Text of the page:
The Land of Beyond
Have you ever heard of the Land of Beyond,
That dream at the gates of the day?
Alluring it lies at the skirts of the skies,
And ever so far away;
Alluring it calls: O ye yoke of galls,
And ye of the trails overfond,
With saddle and pack, by paddle and track,
Let’s go to the Land of Beyond!
Have ever you stood where the silences brood,
And vast the horizons begin,
At the dawn of the day to behold far away
The goal you would strive for and win?
Yet ah! in the night when you gain to the height,
With the vast pool of heaven star-spawned,
Afar and agleam, like a valley of dream,
Still mocks you the Land of Beyond.
Thank God! there is always the Land of Beyond
For us who are true to the trail;
A vision to seek, a beckoning peak,
A fairness that never will fail;
A proud in our soul that mocks at a goal,
A manhood that irks at a bond,
And try how we will, unattainable still,
Behold it, our Land of Beyond!
Curracloe Beach in County Wexford is one of the most popular beaches in Ireland. Located 2KM away from Curracloe Village, this soft-sand beach is frequented by sunbathers and nature-lovers alike.
During the summer months, you’ll find that the area is bustling with life, as holidaymakers leave their home counties to take up residence in the holiday homes, campsites, hotels and B&Bs that surround the area. Later on, during the autumn and winter months, Curracloe Beach and its nearby forest become a hot spot for dog-walkers, joggers and anyone else in pursuit of a peaceful stroll.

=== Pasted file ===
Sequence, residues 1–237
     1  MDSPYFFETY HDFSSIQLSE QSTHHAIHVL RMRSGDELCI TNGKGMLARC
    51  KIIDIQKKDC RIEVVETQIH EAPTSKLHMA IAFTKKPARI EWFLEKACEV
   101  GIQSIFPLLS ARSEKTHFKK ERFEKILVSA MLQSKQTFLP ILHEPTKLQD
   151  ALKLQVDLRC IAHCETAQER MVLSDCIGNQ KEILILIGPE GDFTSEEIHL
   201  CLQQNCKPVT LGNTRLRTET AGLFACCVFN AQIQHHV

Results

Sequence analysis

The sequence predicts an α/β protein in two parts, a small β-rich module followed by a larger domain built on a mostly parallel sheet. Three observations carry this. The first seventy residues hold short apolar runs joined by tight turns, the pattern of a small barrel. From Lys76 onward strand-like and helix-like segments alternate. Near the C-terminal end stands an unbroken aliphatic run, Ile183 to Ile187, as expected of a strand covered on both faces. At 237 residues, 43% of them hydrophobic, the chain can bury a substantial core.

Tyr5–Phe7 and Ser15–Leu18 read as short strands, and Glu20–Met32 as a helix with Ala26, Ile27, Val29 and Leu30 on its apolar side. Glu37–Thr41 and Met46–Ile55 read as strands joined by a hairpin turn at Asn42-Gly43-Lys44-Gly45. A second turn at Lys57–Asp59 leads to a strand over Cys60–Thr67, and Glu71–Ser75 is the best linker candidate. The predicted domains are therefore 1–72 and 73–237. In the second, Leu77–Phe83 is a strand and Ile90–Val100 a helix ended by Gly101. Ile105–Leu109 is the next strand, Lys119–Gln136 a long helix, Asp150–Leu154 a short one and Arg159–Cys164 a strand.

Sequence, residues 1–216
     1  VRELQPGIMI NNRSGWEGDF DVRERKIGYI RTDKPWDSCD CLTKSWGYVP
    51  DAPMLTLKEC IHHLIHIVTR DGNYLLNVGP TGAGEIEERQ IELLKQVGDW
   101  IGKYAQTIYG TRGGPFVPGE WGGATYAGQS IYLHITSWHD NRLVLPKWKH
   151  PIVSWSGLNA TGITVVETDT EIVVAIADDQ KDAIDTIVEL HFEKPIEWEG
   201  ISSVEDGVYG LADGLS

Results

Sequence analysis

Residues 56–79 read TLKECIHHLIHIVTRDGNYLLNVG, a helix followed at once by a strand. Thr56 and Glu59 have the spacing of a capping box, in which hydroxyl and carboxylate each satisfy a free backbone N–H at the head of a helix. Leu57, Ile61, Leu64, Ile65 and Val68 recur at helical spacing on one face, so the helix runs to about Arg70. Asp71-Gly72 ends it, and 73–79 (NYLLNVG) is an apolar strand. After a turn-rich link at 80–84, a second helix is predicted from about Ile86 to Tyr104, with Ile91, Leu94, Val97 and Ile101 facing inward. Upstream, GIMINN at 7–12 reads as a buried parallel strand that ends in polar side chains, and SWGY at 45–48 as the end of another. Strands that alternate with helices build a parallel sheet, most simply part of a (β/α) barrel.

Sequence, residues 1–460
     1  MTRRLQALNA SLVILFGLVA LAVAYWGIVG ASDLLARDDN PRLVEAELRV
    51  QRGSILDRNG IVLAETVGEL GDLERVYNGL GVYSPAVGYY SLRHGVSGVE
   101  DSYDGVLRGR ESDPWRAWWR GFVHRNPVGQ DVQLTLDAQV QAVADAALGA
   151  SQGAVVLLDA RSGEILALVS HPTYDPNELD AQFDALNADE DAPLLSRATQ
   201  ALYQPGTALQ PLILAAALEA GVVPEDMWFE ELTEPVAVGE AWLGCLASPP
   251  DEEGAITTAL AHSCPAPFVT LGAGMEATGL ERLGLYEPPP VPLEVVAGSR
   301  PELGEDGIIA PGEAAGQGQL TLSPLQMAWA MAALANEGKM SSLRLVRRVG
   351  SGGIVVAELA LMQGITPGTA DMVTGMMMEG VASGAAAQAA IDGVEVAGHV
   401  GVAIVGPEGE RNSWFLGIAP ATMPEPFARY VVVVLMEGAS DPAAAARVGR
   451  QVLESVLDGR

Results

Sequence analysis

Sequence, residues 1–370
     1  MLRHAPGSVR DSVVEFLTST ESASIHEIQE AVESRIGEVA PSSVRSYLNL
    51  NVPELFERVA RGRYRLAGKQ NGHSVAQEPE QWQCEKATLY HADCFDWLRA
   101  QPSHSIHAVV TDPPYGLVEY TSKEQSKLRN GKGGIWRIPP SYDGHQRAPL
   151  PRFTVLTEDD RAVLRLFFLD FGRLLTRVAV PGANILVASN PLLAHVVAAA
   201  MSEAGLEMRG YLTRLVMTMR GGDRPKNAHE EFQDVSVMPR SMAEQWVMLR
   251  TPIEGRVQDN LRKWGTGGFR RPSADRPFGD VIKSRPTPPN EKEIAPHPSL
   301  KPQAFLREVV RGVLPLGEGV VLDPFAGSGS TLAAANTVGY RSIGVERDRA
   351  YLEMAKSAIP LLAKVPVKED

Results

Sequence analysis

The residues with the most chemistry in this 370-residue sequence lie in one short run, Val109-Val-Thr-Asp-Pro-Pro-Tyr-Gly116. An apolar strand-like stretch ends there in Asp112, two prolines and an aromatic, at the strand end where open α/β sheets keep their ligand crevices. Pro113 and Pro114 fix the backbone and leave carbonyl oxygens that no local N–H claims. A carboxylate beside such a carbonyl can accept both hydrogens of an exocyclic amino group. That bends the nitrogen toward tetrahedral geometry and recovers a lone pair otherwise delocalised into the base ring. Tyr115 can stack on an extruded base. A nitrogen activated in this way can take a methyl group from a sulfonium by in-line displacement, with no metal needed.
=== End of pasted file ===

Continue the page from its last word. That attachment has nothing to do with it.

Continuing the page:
The area itself is suitable for bathing, as it has a Blue Flag certification. This certification, which is awarded by the Foundation for Environmental Education (FEE), serves as a notice to beach-goers that the area and its surrounding waters have lived up to a number of strict regulatory standards.
Its 7-mile-long beach is famous for its soft and fine sand, which puts it in contrast with many of the stony beaches that you will find around Ireland. The beach is guarded by a number of large and sprawling dunes, all of which are held together and stabilised by a seemingly-endless blanket of green marram grass. During the warmer months, these sand dunes prove to be extremely popular amongst visitors, many of whom will not pass up the opportunity to roll down them.
Curracloe Strand, Ballinesker, was used for the filming of the D-Day sequence in Saving Private Ryan, due to similarity to Omaha Beach in Normandy. Filming began June 27, 1997, and lasted for two months. The village of Curracloe lacked 3-phase electricity but when the film company decided to film there, it was connected.
Curracloe Strand was also used for the Irish beach scene in the movie Brooklyn.